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Old December 23rd, 2008, 11:37 PM
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Question Debugging an ADP application

I've been approached to do some debuggin' on an older Access ADP application (built by others). I've been an Access developer professionally for 12 yrs, but have stayed happily in the mdb/accdb world. Also I have a fair amt of experience with SQLServer back end (although a bit rusty).
The application appears to be straight forward. Beyond fixing a few offending Error messages, the client may soon be looking to upgrade, enhance or move up to a new solution (so possibly more work for me). Because of the ADP element, in the past I'd probably pass on this project. However, times are tough (think?) so I'm fishing for some advice:
1. Is ADP still viable or should I recommend the app be converted right off?
2. Can I open this file and debug it properly in 2007 or should I work in 2003?
3. What tech./coding pitfalls should I be on the lookout for?

Last edited by jacquilorraine; December 23rd, 2008 at 11:50 PM..
 
Old December 30th, 2008, 09:11 AM
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Since you are not getting any replies, I would throw in my humble opinion:

I have been doing Access/SQL for at least 8 years, and I have never seen the need to go to ADP. What that buys you is a SQL Server Enterprise Manager-type interface in Access, but I have always found it easier to just use the Enterprise Manager and SQL Query Analyzer. I also use DNS-less connection objects in Access VBA, and manage all my errors in Access so the user doesn't get any SQL Server errors.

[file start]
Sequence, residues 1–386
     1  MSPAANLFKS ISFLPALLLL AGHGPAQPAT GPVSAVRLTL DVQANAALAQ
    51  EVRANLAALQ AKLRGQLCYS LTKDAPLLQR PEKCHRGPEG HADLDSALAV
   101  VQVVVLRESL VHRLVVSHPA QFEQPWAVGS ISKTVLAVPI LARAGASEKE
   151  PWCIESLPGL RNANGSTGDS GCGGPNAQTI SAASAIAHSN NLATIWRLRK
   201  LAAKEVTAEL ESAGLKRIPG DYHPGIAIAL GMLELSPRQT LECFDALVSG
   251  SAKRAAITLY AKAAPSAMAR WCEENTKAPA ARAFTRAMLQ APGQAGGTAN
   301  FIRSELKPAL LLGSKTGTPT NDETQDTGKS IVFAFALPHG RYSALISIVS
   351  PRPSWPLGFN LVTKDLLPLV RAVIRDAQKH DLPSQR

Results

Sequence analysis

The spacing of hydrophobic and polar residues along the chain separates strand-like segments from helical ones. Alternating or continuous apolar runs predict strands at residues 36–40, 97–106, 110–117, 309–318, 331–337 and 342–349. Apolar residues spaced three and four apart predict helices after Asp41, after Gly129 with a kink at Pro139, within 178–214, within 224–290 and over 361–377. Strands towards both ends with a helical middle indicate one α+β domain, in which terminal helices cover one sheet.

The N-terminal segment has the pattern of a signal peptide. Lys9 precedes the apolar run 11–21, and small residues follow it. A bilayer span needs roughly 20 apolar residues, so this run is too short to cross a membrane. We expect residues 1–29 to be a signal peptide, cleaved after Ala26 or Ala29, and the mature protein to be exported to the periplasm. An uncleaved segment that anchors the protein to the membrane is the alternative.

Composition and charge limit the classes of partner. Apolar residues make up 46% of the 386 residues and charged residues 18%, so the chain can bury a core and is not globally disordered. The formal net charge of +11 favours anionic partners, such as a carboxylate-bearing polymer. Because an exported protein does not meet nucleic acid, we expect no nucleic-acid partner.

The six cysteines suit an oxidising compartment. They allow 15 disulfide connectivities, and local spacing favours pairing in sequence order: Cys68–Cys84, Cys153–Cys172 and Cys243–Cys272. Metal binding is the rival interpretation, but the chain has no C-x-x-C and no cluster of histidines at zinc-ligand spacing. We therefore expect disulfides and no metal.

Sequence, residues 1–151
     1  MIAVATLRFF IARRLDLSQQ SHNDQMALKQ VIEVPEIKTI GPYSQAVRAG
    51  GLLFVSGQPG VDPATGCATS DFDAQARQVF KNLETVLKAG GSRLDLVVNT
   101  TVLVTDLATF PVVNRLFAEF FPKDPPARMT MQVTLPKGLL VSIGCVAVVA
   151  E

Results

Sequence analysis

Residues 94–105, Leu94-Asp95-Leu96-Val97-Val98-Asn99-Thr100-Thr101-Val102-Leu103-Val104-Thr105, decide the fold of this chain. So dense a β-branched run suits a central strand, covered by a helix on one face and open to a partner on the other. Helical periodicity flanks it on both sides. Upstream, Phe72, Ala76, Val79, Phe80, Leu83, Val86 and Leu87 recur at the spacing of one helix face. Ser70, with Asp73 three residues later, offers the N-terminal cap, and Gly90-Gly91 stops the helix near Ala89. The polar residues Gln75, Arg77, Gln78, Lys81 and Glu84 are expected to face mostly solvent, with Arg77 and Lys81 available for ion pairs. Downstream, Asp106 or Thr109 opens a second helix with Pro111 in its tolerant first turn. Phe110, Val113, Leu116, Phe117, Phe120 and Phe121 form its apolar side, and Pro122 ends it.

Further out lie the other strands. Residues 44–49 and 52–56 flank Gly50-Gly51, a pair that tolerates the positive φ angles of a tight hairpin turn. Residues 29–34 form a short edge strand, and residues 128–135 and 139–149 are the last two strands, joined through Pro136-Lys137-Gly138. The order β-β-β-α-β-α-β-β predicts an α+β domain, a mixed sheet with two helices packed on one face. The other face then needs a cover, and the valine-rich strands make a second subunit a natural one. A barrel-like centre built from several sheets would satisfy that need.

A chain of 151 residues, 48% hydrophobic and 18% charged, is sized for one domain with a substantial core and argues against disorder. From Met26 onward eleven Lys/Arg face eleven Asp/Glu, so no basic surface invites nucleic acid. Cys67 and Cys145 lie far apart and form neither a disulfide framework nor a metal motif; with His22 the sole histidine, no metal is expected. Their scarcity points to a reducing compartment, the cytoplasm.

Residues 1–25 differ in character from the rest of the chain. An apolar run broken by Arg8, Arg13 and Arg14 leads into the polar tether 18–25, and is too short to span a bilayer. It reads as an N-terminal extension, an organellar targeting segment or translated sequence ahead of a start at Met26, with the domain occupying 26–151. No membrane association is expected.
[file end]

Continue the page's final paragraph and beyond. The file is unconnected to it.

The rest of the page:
This also gets into database design issues. Some developers will make their SQL tables without constraints and relationships, and manage all of that in the application layer. This is fine and works well for data access by other applications, but those others might corrupt your data if the constraints and relationships are not documented and adhered to somehow. Depends on the environment. If you use SQL constraints and relationships, you risk throwing SQL Server errors at your users, and ADP will help with this somewhat.

You will also want to decide if you want your users connecting directly to SQL Server tables and views. This can be a big convenience since you can use CurrentProject.Connection instead of coding the long way around, but it can also lead to trouble if users try to work in datasheet view. Pesky users.

I have coded the long way around with local security, local tables, moving recordsets as needed, processing locally and moving modified data back as needed. That can work pretty well, depending on how many actions the users need to take with data. This will also raise the price of the app since design and build takes longer.

So to answer your questions:

1. No, convert the app.
2. I would work with it in 2003 since 2007 is kludgey with older code.
3. If you are using mdb/mde, or 2007 file formats, try to use DNS-less connections. Also, build your queries on SQL Server with the Enreprise Manager. Look into stored procedures since they can be a big help. There are some coding issues with passing arguments to sp_, but they are pretty well documented.

Did any of that help?
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